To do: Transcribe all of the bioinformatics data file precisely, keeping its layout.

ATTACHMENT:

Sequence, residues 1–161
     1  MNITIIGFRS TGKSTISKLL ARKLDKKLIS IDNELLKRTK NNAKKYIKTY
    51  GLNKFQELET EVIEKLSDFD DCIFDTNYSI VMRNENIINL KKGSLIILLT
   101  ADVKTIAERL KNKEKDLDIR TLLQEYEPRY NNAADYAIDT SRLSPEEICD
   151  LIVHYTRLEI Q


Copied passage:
Sequence, residues 1–161
     1  MNITIIGFRS TGKSTISKLL ARKLDKKLIS IDNELLKRTK NNAKKYIKTY
    51  GLNKFQELET EVIEKLSDFD DCIFDTNYSI VMRNENIINL KKGSLIILLT
   101  ADVKTIAERL KNKEKDLDIR TLLQEYEPRY NNAADYAIDT SRLSPEEICD
   151  LIVHYTRLEI Q